pair of tabi socks
|Place of origin||Japan|
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Tabi (足袋?) are traditional Japanese socks dating back to the 15th century. Ankle-high and with a separation between the big toe and other toes, they are worn by both men and women with zori, geta, and other traditional thonged footwear. Tabi are also essential with traditional clothing—kimono and other wafuku as well as being worn by samurai in the feudal era. The most common colour is white, and white tabi are worn in formal situations such as at tea ceremonies. Men sometimes wear blue or black tabi for travelling. Patterned and coloured tabi are also available and are worn most often by women, though they are gaining popularity among men as well.
In contrast to socks that, when pulled on, fit the foot snugly because of their elastic weave, tabi are sewn from cloth cut to form. They are open at the back so they can be slipped on and have a row of fasteners along the opening so they can be closed.
Construction workers, farmers and gardeners, rickshaw-pullers, and other workmen often wear a type of tabi called jika-tabi (地下足袋 tabi that contact the ground?). Made of heavier, tougher material and often having rubber soles, jika-tabi resemble boots and are outer footwear rather than socks. Like other tabi, jika-tabi are toe-divided so they can be worn with slip-on thonged footwear. Shōjirō Ishibashi, the founder of major tire company Bridgestone Corporation, is credited with their innovation.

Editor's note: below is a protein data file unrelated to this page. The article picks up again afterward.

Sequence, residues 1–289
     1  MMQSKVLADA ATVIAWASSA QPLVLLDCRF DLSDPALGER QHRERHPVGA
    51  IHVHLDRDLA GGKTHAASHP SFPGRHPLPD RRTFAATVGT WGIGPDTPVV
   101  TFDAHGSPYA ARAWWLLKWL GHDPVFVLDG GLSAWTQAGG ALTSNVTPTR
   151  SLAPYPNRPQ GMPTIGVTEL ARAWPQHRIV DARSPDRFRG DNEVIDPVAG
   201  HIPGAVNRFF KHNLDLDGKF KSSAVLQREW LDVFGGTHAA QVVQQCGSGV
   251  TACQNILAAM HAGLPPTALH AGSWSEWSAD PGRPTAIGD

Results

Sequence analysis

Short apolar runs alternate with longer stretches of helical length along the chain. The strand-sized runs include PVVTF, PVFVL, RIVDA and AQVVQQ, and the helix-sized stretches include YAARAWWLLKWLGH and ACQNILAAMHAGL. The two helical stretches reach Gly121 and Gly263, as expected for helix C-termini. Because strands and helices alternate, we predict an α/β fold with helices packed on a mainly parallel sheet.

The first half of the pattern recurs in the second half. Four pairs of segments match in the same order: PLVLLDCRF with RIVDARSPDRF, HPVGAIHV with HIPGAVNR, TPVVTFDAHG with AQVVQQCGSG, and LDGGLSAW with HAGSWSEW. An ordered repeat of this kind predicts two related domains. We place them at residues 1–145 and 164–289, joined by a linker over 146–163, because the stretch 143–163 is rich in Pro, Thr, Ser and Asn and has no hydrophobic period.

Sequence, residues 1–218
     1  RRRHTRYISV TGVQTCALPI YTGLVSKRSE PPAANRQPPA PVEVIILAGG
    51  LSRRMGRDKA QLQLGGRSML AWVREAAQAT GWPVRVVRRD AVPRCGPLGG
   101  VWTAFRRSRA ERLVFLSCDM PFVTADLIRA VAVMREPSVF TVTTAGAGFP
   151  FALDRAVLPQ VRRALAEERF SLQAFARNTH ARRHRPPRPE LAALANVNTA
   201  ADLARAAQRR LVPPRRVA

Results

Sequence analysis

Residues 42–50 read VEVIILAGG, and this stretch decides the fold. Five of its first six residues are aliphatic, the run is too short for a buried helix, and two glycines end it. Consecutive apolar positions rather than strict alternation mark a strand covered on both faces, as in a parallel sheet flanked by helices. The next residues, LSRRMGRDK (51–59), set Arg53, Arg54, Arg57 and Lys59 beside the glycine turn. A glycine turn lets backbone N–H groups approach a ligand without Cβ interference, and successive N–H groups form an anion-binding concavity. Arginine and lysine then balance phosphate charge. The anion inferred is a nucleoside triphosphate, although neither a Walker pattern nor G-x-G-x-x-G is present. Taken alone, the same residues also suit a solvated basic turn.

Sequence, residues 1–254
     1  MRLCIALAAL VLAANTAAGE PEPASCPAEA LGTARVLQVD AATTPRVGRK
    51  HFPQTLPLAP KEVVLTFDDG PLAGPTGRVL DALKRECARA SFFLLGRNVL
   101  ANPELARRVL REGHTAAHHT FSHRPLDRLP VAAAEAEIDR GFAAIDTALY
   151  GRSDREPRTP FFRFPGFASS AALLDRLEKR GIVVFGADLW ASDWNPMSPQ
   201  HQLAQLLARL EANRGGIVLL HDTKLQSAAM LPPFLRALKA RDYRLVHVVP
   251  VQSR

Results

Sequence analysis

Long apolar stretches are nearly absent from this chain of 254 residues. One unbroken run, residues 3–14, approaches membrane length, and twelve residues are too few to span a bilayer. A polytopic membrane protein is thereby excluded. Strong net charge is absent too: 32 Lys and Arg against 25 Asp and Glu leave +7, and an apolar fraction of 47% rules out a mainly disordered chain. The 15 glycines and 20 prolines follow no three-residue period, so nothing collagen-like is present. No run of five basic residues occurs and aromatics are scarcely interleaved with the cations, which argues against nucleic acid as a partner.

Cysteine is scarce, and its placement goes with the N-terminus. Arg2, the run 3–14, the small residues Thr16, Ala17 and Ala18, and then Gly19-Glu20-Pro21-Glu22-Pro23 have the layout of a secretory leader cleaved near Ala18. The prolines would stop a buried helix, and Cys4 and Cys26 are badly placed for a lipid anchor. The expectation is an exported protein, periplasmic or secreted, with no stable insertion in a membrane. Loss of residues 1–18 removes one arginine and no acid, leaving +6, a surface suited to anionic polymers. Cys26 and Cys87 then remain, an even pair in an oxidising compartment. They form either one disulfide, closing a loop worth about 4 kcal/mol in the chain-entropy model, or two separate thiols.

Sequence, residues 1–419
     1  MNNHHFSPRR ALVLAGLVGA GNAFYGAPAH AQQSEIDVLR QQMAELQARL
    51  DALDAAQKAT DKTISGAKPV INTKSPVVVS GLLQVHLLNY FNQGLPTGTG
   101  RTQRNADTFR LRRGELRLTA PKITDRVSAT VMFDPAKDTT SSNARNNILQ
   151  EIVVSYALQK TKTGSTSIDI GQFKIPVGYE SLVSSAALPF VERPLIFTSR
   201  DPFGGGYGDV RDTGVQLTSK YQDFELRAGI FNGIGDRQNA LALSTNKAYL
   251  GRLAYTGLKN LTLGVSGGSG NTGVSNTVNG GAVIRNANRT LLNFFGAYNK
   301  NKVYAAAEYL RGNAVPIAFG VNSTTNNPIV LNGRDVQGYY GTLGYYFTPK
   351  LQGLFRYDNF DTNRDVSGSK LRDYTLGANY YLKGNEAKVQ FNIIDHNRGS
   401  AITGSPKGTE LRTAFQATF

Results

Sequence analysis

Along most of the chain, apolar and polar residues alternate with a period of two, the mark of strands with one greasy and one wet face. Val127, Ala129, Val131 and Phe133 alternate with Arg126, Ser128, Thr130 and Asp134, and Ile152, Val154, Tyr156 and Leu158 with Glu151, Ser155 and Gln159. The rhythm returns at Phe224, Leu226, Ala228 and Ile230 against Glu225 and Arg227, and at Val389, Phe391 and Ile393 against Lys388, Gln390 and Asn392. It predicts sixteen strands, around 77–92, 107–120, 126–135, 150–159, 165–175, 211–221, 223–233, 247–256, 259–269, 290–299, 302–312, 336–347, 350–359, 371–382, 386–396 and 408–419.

Though slowly being replaced by steel-toed rigid-sole construction shoes in some industries, many workers prefer them for the softness of their soles. This gives wearers tactile contact with the ground and lets them use their feet more agilely than rigid-soled shoes allow: for instance, people who traverse girders on construction sites like to know what is under their feet, and craft practitioners such as carpenters and gardeners additionally use their feet as if they were an extra pair of hands, for example to hold objects in place.
Contemporary tabi socks—socks with a separation between the big toe and its neighbor to allow wear with thonged footwear—are also available. This reflects the number of people who still prefer to wear zori and geta, especially during Japan's hot, humid summers.